• For daily home plate maintenance, sweep off the layer of conditioner in the harder areas. Once swept, wet the area of damage and do the patching for repair.
  • Hand tools are essential for home plate (and pitcher’s mound) maintenance. There’s a wide range of rakes for specific tasks in working the dirt, from fanstyle, spring-type to scarifying, screening and finishing. There are two-sided rakes with standard teeth on one side and lute rake teeth on the other, there are push brooms, drag brooms and scarifying brooms that combine teeth with bristles. Tamps come in a variety of styles and shapes. All should be covered to keep the dirt from sticking to the tamp surface.
  • Use moist, hard clay, adding it a little at a time and tamping it into place. When you’ve finished, put the layer of conditioner back on.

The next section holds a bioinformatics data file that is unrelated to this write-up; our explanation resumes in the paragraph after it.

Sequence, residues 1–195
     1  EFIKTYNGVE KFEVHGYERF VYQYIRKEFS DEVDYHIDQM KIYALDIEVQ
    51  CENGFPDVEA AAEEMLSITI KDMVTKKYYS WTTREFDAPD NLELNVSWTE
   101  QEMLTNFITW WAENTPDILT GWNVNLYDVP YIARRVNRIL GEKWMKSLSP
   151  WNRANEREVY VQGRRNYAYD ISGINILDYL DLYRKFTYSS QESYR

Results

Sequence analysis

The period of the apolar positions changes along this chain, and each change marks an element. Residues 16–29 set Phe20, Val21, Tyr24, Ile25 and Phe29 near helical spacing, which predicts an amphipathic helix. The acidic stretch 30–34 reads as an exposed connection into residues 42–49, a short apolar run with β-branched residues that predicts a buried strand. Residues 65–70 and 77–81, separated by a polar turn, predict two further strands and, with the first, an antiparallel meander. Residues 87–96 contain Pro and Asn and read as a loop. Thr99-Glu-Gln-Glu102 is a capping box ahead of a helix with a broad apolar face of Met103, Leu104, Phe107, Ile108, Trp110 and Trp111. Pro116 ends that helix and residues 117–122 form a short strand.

• You’ll use screen drags, cocoa mats and water to work the other areas of the home plate circle, just as you do for the base paths.
  • Once the home plate area is set up, cover it with a tarp to protect it and retain your moisture level.
  • During batting practice, use hitting mats (synthetic turf-type products that look like the home plate and batter’s boxes).
  • The only time home plate should be uncovered is for postgame repair, pregame preparation, the marking of the lines and during the game.